Some good news from Maynooth (for a change) - Nine deacons to be ordained in Maynooth today
Bishop Brendan Leahy reflects on the marriage referendum result.
Catholic Herald - Baroness Flather says the Catholic Church has done nothing for women. Here’s why she is wrong
As the publication date of Pope Francis encyclical on the environment approaches, it is interesting to note that the initial outlines of the new encyclical were given at an address by Cardinal Peter Turkson at the Pontifical University in Maynooth back in March 2015:
- Vatican Radio - Cardinal Turkson: together for stewardship of creation
- Irish Bishops Conference - Cardinal Peter Turkson delivers the Trócaire 2015 Lenten Lecture, Saint Patrick’s Pontifical University, Maynooth
- Crux - Cardinal previews Francis’ encyclical on the environment
- iCatholic - you can watch the video of the talk here
- What makes environment encyclical unusual? The pope sees 2015 as an ideal time for the Church to weigh in on ecology, but critics are lining up.
- Pope’s environmental encyclical to be titled ‘Laudato Sii’ (Praised Be You)
- Greenbacks and the green economy: Ecology is good business
The second sitting of the Synod on the Family gathers in Rome in October 2015 and the commentary online grows, especially following what has been termed "the shadow synod" of German, Austrian and Swiss bishops which met in Rome during the week:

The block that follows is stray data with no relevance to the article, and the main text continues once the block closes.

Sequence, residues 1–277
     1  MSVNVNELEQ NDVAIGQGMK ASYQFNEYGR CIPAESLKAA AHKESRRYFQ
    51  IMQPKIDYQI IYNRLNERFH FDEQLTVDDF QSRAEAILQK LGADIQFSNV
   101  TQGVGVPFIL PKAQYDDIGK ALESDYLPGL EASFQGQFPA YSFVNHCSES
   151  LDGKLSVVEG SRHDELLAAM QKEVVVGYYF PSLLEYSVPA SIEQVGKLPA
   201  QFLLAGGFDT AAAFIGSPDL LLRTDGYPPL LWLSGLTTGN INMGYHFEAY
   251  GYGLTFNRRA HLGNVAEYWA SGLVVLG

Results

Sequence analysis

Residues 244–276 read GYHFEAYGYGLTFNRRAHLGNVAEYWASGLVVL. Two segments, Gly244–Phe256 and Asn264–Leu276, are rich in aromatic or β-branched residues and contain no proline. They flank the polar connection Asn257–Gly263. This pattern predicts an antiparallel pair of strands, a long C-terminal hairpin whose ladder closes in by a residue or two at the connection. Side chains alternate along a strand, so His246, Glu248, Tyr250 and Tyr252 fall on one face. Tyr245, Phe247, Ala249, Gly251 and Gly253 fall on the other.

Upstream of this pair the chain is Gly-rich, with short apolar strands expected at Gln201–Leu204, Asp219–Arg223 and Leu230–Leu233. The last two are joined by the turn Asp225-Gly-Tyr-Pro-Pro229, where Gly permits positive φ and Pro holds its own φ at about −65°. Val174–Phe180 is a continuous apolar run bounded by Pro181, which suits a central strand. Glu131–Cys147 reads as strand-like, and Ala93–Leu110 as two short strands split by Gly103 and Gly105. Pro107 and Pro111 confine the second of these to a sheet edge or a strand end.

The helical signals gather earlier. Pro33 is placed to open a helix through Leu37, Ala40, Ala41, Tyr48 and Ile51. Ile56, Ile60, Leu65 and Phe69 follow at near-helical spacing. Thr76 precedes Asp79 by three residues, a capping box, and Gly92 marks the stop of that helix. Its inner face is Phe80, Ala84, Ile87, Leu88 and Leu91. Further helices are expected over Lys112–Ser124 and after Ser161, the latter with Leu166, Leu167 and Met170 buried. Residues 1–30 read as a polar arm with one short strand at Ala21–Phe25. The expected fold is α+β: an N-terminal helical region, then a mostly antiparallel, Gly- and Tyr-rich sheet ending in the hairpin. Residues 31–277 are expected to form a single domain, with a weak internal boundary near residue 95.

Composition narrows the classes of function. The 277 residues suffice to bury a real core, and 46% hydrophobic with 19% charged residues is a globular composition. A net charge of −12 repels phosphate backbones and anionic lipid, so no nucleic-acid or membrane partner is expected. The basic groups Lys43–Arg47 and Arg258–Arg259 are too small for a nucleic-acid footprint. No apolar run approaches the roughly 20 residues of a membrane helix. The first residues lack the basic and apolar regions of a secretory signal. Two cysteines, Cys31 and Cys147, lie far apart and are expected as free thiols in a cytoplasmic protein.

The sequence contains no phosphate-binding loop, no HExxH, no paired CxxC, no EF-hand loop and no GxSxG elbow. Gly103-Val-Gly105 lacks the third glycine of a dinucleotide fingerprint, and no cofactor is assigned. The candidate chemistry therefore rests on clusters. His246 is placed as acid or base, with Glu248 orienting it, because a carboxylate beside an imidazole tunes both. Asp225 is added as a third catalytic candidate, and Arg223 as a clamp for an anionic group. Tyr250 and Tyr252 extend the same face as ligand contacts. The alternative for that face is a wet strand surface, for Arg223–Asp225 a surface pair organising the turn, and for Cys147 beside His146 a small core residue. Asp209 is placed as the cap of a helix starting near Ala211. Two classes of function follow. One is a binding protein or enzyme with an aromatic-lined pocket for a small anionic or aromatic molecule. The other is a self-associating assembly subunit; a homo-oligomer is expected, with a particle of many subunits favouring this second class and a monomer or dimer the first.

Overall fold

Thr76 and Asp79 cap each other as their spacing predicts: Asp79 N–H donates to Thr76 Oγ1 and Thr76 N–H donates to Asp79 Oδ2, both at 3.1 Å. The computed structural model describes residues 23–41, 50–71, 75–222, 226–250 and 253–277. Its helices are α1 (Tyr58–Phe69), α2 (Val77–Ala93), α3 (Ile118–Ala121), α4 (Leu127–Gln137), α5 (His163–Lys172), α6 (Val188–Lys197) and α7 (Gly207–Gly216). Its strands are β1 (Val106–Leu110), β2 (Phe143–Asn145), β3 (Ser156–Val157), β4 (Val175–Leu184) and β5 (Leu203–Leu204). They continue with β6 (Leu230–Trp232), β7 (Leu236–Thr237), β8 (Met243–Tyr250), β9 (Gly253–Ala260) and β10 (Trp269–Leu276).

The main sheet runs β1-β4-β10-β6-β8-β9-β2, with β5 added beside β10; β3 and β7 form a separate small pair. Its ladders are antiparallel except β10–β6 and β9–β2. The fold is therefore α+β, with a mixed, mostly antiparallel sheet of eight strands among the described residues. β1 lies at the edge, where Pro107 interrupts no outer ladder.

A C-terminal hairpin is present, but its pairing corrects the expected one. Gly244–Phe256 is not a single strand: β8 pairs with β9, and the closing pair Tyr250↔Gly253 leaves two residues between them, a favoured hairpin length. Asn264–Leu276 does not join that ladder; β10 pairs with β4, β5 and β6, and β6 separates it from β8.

- Pope Francis, Between the Shadow Synod and a New Direction
- The two-step of the Argentine pope - Perfectly in keeping with tradition when he talks about abortion, divorce, homosexuality. But also open to changes in doctrine and practice. An anthology that intensifies the mystery. Pope Francis on abortion, divorce, euthanasia, contraception and homosexuality since last October's synod.
- Will Pope Francis Break the Church? The new pope's choices stir high hopes among liberal Catholics and intense uncertainty among conservatives. Deep divisions may lie ahead.
Pius XII - hated or revered by the Third Reich? An interview with historian Pier Luigi Guiducci about his new book on the war-time pope.
A generation is now growing old, which never had anything to say for itself except that it was young - The first progressive generation.
The Tablet (UK) (of all publications!) tries to find something positive in the visit of Cardinal Burke to the UK - A certain beauty about watching Cardinal Burke in action
Selfish, ‘armchair’ Christians distance people from Christ, pope says
A commonplace book - reflection on journaling in this fast paced digital world
Pope urges engaged couples to take time, be open to God's surprises
Catholic history and tradition is full on many strange things which are often held up to ridicule the understanding of the church and its role in people's lives. One area which often draws fascination is the area of death and in particular the Incorruptibles - the saints whose bodies have not decayed! A couple of articles which look at the issue from a historical, religious and high level scientific point of view:
- Gee, your corpses smells terrific
- The Skeptic's Dictionary - Incorruptible bodies
- The Incorruptibles of the Catholic Church
- The Incorruptibles - The bodies of many medieval Catholic saints and martyrs have resisted decay for centuries— just the sort of mystery that begs for scientific inquiry
- The incorruptible bodies of the Saints
- From The Incorruptibles; A Study of the Incorruption of the Bodies of Various Catholic Saints and Beati by Joan Carroll Cruz
- The Incorrupt bodies of the saints (photos)
- ‘A girl always remembers the first corpse she shaves’ - Caitlin Doughty has written a surprisingly uplifting book about working in a San Francisco mortuary. Her message? The West needs to stop hiding from death
- A healthy approach to life and death
- The Order of the Good Death encourages people to be realistic and embrace the finality of death